Pete Ceglinski is the CEO & Co-founder of Seabin Foundation, avid water lover and world traveller, on a mission to clean the oceans, one marina at a time.
Pete grew up in the Shire of Byron and has been around the ocean his entire life. He loves to surf, swim, free-dive and appreciate anything on, under or around the water.
It was 12 years of boatbuilding experience and background of product design that enabled Pete to merge his passion for the ocean and academic knowledge; to create the innovative Seabin, that collects discarded litter, oil, and microplastics, in various locations all over the world.
The Seabin Foundation started with a passion for positive change and the hard realisation that human over-consumption and waste mismanagement is destroying our oceans.
What was it that inspired you to set up the Seabin Foundation?
The main reason I set up the Foundation was that technology is not a solution to Marine pollution and cultural behaviour – it’s education.
After looking at Patagonia and their amazing for-profit/not-for-profit business model we figured we could do the same, just on a much smaller scale.
Since we started 4 years ago, we’ve undertaken a done number of for-profit activities and last year formalised the Seabin Foundation.
What concerns you about the long term impact of travel on people, animals, and the planet?
The impact of humans on this planet is of the utmost significance, whether it’s in the travel sector or outside of it.
My concerns are very simple; people with a short term vision for a healthy and sustainable planet. The people I have concerns about range from politicians, decision-makers, business people, celebrities and newsreaders to everyday regular citizens.
The only real positive about someone with short term vision is that they seem to have a short shelf life. Given that over 11 million people have marched for climate change this month, I think my concerns of short term vision will become less and less in the near future, as a new guard comes into play with sustainability and value of life as a high priority.
Do you think travel can change the world?
Yes, of course, though it simply depends on what the traveller wants from their experience.
Sometimes a traveller may not set out with a responsible travel objective, but by witnessing a developing countries lack of infrastructure or alternative ways of dealing with issues means they have a long-lasting effect on them.
I always took the quality of life in Australia for granted until I left and travelled around the world. I now fully appreciate how good we have things and that our ‘first world problems‘ are really not that disastrous compared to most other things that are happening on the planet.
Are you seeing positive change happening in responsible and sustainable travel?
Yes, we participated in an accelerator program by booking.com and got to meet with some amazing startups, providing purposeful experiences for travellers.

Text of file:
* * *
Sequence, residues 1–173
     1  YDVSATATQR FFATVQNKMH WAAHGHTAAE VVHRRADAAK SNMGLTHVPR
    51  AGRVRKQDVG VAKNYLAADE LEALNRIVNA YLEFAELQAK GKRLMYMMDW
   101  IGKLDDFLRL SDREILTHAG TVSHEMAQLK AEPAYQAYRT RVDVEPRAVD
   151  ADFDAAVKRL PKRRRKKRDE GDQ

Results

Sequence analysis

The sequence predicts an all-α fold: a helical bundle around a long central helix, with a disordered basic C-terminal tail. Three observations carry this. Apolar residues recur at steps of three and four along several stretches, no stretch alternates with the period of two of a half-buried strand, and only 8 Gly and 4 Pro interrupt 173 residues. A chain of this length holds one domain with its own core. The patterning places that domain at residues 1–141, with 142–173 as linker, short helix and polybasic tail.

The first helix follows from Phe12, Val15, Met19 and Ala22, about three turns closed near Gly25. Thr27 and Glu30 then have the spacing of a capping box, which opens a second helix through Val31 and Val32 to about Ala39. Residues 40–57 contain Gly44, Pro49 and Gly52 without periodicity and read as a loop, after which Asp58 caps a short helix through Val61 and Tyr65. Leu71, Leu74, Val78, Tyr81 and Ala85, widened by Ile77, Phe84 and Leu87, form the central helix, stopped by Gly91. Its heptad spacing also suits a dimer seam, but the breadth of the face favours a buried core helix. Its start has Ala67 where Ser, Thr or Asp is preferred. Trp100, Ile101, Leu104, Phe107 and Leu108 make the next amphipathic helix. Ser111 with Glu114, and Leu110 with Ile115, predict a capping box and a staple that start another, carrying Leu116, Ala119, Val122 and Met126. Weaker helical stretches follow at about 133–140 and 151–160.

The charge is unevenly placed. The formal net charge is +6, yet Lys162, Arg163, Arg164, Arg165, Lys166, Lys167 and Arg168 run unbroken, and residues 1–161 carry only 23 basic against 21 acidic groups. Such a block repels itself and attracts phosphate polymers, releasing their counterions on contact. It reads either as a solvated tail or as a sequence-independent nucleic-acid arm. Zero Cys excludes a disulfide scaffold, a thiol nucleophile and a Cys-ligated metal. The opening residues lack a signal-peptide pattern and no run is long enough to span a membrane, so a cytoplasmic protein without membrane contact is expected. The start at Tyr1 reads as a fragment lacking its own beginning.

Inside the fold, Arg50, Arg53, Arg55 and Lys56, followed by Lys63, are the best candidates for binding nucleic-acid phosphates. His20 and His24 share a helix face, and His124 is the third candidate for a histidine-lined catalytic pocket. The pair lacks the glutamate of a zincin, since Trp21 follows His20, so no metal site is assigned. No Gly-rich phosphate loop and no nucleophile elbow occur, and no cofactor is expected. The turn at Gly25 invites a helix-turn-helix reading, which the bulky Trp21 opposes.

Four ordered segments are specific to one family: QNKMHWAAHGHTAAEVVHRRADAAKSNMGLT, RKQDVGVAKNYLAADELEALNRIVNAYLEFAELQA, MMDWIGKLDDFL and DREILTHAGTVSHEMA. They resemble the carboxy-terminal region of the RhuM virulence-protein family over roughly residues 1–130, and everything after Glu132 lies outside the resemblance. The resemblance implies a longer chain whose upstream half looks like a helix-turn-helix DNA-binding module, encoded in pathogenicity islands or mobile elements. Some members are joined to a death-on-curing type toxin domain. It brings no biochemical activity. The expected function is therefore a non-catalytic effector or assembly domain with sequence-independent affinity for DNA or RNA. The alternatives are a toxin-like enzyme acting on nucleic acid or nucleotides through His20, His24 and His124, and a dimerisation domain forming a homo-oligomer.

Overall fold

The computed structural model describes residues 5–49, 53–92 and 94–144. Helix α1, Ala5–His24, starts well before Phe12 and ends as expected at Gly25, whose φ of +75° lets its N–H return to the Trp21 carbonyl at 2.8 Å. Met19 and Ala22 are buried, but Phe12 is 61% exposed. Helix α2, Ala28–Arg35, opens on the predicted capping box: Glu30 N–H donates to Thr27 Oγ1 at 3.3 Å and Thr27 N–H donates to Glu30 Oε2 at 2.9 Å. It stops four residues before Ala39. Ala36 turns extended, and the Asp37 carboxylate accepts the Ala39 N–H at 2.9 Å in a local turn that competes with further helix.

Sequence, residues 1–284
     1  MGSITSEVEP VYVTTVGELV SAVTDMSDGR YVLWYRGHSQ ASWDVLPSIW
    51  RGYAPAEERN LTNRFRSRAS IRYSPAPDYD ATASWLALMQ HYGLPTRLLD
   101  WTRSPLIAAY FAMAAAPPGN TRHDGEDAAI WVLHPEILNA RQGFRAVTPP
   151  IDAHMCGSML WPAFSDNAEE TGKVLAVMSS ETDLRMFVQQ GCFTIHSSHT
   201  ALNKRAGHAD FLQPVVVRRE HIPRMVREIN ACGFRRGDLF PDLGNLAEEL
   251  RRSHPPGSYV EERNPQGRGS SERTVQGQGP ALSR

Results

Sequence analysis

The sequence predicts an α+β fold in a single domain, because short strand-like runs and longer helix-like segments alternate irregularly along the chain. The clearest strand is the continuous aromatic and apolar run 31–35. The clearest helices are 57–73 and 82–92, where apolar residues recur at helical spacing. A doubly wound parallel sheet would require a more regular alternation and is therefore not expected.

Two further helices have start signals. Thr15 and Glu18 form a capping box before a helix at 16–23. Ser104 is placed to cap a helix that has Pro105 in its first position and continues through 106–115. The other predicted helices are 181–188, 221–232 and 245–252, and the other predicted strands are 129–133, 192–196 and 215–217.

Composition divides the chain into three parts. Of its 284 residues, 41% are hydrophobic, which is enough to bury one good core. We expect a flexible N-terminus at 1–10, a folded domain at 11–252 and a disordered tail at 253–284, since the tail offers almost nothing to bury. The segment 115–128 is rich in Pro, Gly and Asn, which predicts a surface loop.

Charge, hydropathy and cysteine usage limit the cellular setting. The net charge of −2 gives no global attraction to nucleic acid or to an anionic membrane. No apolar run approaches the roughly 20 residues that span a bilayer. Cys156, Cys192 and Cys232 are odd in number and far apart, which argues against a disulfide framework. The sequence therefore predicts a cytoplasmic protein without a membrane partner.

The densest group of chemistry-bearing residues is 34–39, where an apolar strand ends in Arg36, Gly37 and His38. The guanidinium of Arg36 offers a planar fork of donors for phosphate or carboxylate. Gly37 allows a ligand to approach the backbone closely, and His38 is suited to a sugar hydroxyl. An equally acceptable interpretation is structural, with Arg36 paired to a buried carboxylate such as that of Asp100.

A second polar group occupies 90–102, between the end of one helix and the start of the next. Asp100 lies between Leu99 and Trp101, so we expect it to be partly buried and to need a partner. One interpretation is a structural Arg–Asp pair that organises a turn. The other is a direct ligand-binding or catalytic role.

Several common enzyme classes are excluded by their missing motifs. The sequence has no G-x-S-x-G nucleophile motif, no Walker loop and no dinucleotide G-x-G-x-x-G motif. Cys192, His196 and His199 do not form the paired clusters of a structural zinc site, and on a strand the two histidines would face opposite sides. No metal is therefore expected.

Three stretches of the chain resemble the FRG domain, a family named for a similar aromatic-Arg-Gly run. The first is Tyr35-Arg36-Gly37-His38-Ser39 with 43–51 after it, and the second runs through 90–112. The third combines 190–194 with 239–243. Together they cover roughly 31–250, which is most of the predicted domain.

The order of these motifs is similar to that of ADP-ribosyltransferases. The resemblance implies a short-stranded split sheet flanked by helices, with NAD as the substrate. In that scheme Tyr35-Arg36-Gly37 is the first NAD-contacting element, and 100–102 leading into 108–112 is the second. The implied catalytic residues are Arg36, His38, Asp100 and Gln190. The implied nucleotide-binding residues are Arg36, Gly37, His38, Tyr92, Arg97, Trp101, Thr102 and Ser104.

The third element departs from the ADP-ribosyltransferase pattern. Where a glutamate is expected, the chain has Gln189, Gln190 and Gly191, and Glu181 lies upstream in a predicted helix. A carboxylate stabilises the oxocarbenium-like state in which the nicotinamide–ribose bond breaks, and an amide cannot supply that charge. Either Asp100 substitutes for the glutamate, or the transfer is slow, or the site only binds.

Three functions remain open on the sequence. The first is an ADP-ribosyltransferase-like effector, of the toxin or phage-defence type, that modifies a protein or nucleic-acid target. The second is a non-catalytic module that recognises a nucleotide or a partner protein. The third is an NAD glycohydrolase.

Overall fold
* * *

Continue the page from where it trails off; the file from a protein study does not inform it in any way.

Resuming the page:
From jungle and animal conservation to a start-up in Peru that showcases traditional craftmanship, like bow or knife making for travellers. There will always be a market for traditional holidays to simply lie back and relax, but the emerging ‘experiences’ market is already the game-changer for everyone.
Is there a particular moment or milestone in your life, that changed your outlook on things and inspired you to want to make a change?
I always wanted to have a career where I could help others and not just myself.
It turned out to be the Seabin Project.
I found a project where I could use my design and engineering skills, be on the water, have the financial security to provide a house for my family, and also run not-for-profit programs that have a long-lasting legacy for a cleaner and more sustainable future.
What advice would you give to people wanting to travel more responsibly?
We are always going to have a negative carbon impact on whatever we do, whether it’s travel or just everyday life, but we can lessen that impact with some thoughtfulness.
Tick that $1 carbon offset option box when you purchase your flight, bring your own water bottle, purchase locally if you can, refuse that plastic straw in your hard-earned cocktail and even picking up that one little bit of rubbish on the street will make a difference to someone or something somewhere.
Find out more: https://seabinproject.com/
How can you travel to change the world?
Congratulations! By reading this post and taking some of these insights on board, you’ve already made a difference.
Now you can easily create your own impact by sharing your new-found knowledge. Share this link to a friend who you think would be interested or post it on your own social media.
Ultimately, it all comes down to staying curious, keeping yourself up-to-date and making yourself accountable for your actions on your travels.